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The Slippery Politics of Making Peace in Chicago

Convention: OK, so the tree idea didn't take root. But Mayor Daley seems at least receptive to the concept of a statue to memorialize the protesters of '68.


CHICAGO — As it was in 1968, the banter this year involved a few words about trees and featured a mayor named Daley, a protester named Hayden. Now it has shifted to political fencing over a proposed memorial statue, a model of which was unveiled here Sunday on the eve of the 1996 Democratic National Convention.

This time it was a different Richard Daley, son of the Chicago political boss of the same name who in 1968 called out the police and National Guard to put down the protesters he believed were ruining the last Democratic national confab here.

Dad then dismissed the scruffy, uninvited guests with a question: "What trees do they plant?" What, the question obliquely wondered, did these socially irresponsible young people (and their cause) contribute to Chicago or the planet?

Now, 28 years later, some of the '68 antiwar demonstrators, rebuffed recently in their attempt to plant a simple, yet symbolic, weeping willow in Grant Park--site of those protests--have upped the ante.

Tom Hayden, then a Chicago 7 (or 8) defendant and now a California state senator, unveiled a tiny model of the statue--to be executed by local artist Virginio Ferrari--to the 4,000 or so people attending a three-hour convocation / concert Sunday afternoon at Arie Crown Theater.

Comparing the sunken gardens of Grant Park to the Garden of Eden, Hayden announced: "It is time to reclaim the garden. We still have to fight for a world where children have the right to innocence."

He dramatically raised a silky black shroud to reveal the model, which he said was designed as a "circular space in which to contemplate the memory of conflict." The gazebo-like statue is designed for interaction by admirers, allowing them to sit around it.

Daley made a brief appearance at the concert but was not present for the unveiling. Asked earlier Sunday about allowing the sculpture to be placed in a prominent public Chicago site, Daley said only, "It's a concept."

Hayden said the mayor is open-minded about the statue prospects, but neither he nor Daley would elaborate on the future of such a siting or the negotiations between the two men. Clearly, neither seemed interested in embarrassing the other.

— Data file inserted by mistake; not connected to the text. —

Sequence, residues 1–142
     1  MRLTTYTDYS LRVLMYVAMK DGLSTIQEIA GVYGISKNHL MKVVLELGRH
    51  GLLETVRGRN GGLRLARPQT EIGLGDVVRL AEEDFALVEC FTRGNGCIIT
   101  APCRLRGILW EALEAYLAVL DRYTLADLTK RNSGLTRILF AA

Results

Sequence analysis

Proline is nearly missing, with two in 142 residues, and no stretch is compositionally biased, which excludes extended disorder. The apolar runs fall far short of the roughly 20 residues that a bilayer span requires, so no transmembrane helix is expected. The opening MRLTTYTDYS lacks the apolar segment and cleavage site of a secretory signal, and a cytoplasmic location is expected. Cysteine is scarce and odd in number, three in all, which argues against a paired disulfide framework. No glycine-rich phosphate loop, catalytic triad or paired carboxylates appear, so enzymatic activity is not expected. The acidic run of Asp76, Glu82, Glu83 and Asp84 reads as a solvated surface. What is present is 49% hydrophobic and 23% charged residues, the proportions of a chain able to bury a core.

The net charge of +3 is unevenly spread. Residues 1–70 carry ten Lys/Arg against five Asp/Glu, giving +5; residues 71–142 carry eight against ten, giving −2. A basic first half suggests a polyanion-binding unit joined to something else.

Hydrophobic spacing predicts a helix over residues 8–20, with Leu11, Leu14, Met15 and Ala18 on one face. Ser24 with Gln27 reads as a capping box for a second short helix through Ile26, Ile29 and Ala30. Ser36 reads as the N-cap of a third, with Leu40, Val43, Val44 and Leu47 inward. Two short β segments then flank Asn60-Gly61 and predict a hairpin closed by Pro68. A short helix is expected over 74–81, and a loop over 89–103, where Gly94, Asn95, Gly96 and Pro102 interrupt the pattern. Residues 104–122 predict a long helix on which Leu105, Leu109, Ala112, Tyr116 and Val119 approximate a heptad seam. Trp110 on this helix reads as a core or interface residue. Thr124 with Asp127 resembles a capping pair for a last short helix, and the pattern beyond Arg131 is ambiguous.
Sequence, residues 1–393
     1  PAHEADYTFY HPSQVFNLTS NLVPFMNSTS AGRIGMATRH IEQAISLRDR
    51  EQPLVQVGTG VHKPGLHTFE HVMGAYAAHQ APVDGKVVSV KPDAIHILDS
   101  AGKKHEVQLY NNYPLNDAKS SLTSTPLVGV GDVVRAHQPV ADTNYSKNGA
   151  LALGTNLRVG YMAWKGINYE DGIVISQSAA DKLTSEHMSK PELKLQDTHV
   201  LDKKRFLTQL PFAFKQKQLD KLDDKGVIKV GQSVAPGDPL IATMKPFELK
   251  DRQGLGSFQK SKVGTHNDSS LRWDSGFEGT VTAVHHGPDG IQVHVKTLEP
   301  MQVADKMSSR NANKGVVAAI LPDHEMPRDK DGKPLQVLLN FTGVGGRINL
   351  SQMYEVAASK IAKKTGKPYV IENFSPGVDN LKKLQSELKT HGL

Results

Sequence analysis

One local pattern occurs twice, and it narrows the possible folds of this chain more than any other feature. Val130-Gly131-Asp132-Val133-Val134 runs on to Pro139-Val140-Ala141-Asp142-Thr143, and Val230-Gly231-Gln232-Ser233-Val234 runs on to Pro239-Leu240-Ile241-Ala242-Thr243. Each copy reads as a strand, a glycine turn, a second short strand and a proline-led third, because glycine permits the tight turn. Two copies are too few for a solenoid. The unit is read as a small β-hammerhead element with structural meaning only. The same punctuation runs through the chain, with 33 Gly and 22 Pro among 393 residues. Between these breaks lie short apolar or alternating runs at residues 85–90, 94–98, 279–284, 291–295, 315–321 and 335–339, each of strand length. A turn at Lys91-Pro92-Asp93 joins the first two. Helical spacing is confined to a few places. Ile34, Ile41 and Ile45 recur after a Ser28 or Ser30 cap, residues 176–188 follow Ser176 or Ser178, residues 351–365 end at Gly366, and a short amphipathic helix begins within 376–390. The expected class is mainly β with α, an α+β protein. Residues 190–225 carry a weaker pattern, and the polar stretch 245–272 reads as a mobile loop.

In his brief remarks, the mayor said he was sorry if anyone in Sunday's audience had felt unwelcomed in 1968. Then he offered an official welcome to the 1996 convention.

Almost as conciliatory was Hayden, who said, "If we were blinded by rage [in 1968] . . . I'm sorry."

According to a public relations advisor whose firm is advising both Hayden and Daley, the statue dilemma is not likely to be solved before the '96 election. Marilyn Katz said the two men had "cooperated well, but I don't see it being resolved any time before November."

Billed as the future soundtrack for a historic "Day of Healing," Sunday's event opened on a stage flanked by huge, projected peace signs. To audience members flashing their own hand signs for peace, Graham Nash sang the song he wrote 28 years ago to help raise money to defend Hayden and the other Chicago conspirators: "Please come to Chicago for the help that you can bring . . . "

Between speeches by such legendary liberals as Studs Terkel, Norman Mailer, Bella Abzug and the Rev. Jesse Jackson, singers Bonnie Raitt, Jackson Browne and Crosby, Stills & Nash offered a soothing acoustic rendition of top '60s protest hits.

Although concert-goers seemed surprised by the apparent truce between Daley and Hayden, they left hopeful that the sculpture would have a better fate than the weeping willow.

The metaphor value of the tree scheme was inestimable--and economical as well. The willow was to have been donated by Chicago's handsomest hippie, Michael Butler, the visionary who produced "Hair," the hit '60s ode to love, nudity and civil disobedience. (Butler will now pay for the statue.)

But Daley is, after all, a Daley. And like his father, a consummate politician. So when the tree-planting idea was first pitched by Hayden, Daley indicated he'd do nothing to stop the plan.

As the convention's opening day neared, however, the city's Park District officials stepped forward to report with some glee that although trees and their planters are always welcome in the Windy City, trees planted during the month of August really don't do very well.

Or, as Daley's spokeswoman Lisa Howard explained: "Trees planted in this heat just don't grow. Since this clearly would be a no-win situation for the tree, we're not going to do it. We're not going to plant a tree, any tree, during the convention."

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